The battle for my gentleman friend’s attention used to be between me and his cell phone. Now it’s between me and Foursquare, and kids … it ain’t lookin’ good for me.
Saturday nights were punctuated by the constant ring of his phone, each call a “possible emergency” … you never know. Now it’s a single application on my gentleman friend’s iPhone that needs regular tending, for each location in our travels must be immediately checked on Foursquare. And as long as the app is open, why not check for tips from friends who have been at this bar or gallery before, and have a look to see what his Foursquare friends are up to?
Foursquare, if you don’t know yet, is a hipster-habituated, location-based social networking Web site in which you earn virtual merit badges by punching your coordinates into your iPhone (or whatever) whenever you hit a bar, brunchery, gallery — or hook up with other Foursquare friends.
(Hitting four spots in one night earns you the “Crunked” badge. Checking in with three members of the opposite sex gets you the “Player Please!” badge. Meanwhile, check in at one place enough times and you may earn the “Mayor” title. You get the idea. )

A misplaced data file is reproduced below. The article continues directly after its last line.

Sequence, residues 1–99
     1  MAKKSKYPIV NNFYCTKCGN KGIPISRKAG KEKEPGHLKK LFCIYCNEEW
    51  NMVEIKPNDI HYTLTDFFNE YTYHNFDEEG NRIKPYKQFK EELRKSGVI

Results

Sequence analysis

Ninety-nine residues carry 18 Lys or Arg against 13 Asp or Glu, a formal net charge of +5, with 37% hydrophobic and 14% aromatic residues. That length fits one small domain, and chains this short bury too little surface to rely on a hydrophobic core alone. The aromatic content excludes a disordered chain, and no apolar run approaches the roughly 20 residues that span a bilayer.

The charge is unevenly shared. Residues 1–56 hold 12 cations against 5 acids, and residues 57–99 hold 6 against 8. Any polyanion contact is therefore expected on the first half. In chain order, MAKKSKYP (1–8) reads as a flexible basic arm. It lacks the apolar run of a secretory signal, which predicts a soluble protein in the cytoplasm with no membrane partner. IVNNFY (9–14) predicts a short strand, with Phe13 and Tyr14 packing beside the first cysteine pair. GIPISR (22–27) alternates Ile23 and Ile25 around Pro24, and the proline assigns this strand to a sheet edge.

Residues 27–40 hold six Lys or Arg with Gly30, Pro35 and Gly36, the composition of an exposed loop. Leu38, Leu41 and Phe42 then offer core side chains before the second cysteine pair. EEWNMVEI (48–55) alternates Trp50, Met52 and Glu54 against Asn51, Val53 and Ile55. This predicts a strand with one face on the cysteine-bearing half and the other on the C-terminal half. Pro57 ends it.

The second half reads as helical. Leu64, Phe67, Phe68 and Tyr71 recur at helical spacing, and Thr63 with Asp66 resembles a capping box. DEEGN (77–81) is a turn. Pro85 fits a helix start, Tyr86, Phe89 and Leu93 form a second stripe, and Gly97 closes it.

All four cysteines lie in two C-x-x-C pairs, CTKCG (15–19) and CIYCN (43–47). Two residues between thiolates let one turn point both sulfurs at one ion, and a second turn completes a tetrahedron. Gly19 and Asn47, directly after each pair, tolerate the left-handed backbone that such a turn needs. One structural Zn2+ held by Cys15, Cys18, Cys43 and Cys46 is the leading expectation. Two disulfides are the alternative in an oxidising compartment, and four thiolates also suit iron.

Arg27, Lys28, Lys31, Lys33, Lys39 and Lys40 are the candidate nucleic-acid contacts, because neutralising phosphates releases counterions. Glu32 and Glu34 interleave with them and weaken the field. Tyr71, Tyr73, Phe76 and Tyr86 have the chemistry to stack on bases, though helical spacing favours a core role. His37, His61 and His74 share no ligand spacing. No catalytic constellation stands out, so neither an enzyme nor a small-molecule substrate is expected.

Here in New York City, a major metropolitan area lousy with social media nerds, I can’t swing a dead cat without hitting a friend or acquaintance in the act of notifying Foursquare pals about what groovy establishment he or she is chilling at right that very moment. (Not that I would swing a dead cat. That’s wrong.) Soon enough — just like that Facebook you said you’d never use and the Twitter you just didn’t get, that may very well be you.
Recently, Foursquare, which has approximately 500,000 users, made a big splash at the interactive portion of the South by Southwest festival in Austin, Texas. SXSW is like Burning Man for social media nerds … unless Burning Man is Burning Man for social media nerds. Hmmm.
Well, anyway, SXSW is a big nerd conference where lots of nerd leaders make keynote speeches, the highlights of which are tweeted by their nerd minions. Also, a bunch of startups and whatnot host booths and give away lots of swag in an attempt to convince industry-types that they’re the next big thing. (If I sound bitter, it’s because I never get to go.)
Foursquare was the belle of the ball when it premiered at SXSW last year, and this year it’s touted as the social network to beat at the center of what the technorati are calling the “location war.” The guys behind Foursquare are also the guys behind Dodgeball, a similar location-based social network that was acquired, then killed, by Google.